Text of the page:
What is a “faith community” after all?

“Faith community” rather than “church.” Why have I — and my Project F-M predecessors — tended to use the former, longer, even clumsy two word term to describe what we’re about? “Faith community” not “church.”

I admit, it’s a bit awkward. When a random person asks what I do these days, I usually pause for some time, trying to figure a way to say it best. Calling myself “a pastor” isn’t right. “Mission Developer,” my official title, is a term very few have heard of. So, after some stumbling, I usually say something like, “I’m helping to lead The Project F-M, a new vision and venture to cultivate a 21st century faith community in Fargo-Moorhead.” Faith community.

I suppose Project F-M folk have used that phrase because it’s not encumbered by the baggage accompanying a term like “church.” People hear “church” and they’ll quickly be thinking any number of different things, but they will surely paint a picture in their minds — stained glass windows, dressed-up people, crying babies, long sermons, whatever. “Faith community” doesn’t bring that baggage with it, which might be helpful.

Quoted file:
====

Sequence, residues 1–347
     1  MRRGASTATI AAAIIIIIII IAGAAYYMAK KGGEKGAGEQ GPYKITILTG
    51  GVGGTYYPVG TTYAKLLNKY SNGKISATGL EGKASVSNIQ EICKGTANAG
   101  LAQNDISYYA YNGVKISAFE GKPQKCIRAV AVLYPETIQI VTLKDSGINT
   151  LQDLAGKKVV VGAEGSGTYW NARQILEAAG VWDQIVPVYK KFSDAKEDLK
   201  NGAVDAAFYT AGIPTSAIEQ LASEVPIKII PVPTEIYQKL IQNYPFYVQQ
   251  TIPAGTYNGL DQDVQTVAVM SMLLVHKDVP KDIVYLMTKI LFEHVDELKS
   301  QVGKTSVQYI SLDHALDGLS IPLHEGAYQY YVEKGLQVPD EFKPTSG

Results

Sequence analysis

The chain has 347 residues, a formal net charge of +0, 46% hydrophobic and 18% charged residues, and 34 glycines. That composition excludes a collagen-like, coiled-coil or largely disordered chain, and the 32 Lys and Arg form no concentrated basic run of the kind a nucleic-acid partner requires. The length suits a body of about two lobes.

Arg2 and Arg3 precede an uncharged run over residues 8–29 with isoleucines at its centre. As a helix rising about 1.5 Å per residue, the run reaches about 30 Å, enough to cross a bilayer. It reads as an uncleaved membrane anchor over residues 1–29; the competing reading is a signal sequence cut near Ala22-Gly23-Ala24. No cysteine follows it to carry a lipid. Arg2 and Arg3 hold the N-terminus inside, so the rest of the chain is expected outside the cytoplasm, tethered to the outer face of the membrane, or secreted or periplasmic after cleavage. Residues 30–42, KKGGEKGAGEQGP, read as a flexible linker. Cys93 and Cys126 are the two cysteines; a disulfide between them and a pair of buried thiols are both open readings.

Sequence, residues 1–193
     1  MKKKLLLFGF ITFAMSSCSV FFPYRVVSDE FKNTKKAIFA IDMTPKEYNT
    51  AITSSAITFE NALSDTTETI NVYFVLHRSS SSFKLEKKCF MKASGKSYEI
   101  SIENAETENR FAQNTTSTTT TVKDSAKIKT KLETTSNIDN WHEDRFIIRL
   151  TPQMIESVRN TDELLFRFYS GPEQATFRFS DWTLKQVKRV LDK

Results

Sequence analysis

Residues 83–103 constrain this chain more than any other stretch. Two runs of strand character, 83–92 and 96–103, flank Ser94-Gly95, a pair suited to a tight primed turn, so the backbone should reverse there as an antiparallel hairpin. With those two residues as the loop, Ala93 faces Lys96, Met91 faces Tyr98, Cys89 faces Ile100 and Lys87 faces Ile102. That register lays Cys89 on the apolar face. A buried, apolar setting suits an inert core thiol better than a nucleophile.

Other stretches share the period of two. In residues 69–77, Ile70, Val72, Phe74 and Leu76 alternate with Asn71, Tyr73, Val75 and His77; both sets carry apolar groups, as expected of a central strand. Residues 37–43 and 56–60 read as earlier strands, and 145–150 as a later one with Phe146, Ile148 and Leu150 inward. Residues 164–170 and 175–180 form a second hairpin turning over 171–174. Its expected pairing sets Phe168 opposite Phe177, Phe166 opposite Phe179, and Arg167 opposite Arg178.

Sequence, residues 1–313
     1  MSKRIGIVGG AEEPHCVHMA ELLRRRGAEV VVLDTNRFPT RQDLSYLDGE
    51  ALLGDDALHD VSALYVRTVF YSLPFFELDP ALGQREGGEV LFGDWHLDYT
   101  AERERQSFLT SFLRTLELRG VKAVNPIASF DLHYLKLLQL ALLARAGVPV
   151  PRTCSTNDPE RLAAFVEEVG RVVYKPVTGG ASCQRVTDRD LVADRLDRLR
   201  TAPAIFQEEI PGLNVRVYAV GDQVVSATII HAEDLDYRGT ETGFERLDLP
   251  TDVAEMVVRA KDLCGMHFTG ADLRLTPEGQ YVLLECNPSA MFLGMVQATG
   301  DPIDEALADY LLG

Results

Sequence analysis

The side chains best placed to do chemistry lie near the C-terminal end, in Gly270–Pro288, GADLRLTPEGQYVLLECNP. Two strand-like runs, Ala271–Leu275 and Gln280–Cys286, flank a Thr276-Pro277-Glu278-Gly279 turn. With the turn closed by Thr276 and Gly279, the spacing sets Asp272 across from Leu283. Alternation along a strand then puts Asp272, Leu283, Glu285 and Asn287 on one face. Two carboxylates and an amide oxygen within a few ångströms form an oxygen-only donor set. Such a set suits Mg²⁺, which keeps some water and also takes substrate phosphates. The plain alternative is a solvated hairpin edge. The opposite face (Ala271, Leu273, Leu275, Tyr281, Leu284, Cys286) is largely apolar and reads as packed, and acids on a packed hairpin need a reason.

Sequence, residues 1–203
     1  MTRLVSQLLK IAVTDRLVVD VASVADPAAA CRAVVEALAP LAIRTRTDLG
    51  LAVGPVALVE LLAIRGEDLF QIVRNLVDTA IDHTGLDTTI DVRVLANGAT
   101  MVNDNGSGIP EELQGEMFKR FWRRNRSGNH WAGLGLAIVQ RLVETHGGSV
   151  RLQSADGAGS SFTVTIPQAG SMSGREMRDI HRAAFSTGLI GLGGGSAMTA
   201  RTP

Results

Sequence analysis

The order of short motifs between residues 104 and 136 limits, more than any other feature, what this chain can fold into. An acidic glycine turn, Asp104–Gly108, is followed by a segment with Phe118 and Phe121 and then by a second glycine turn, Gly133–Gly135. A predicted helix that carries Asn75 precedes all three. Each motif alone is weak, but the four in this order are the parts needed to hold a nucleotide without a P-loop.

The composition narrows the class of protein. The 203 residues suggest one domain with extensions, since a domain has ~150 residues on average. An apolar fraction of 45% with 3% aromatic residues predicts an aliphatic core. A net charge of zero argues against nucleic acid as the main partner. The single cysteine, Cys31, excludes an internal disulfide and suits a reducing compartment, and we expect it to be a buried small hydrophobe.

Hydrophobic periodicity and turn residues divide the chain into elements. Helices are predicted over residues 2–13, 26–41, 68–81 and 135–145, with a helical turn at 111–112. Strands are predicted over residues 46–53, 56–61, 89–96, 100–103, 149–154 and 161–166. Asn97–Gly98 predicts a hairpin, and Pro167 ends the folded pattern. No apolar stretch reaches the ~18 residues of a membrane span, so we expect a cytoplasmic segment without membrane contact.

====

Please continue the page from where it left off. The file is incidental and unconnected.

But “faith community” is also tricky because it doesn’t end up answering people’s questions as to what the Project is actually about. People don’t know what a “faith community” does, or is, or when the community meets, or even: what’s the point? I mean, a monastery, after all, is a faith community. You could argue so are are some yoga studios, family reunions, and even (dare I say it?) Tea Party events.

By calling ourselves a “faith community” we don’t have the baggage of the word “church,” but it seems like we also have a huge task of defining what, in fact, we are. We can’t just be “anti” after all. We’re not an anti-church, or a traditional church by another name. We are The Project F-M. A faith community. A community, striving together, to figure out what we are and should be.

-Adam Copeland (image by Tory Byrne)

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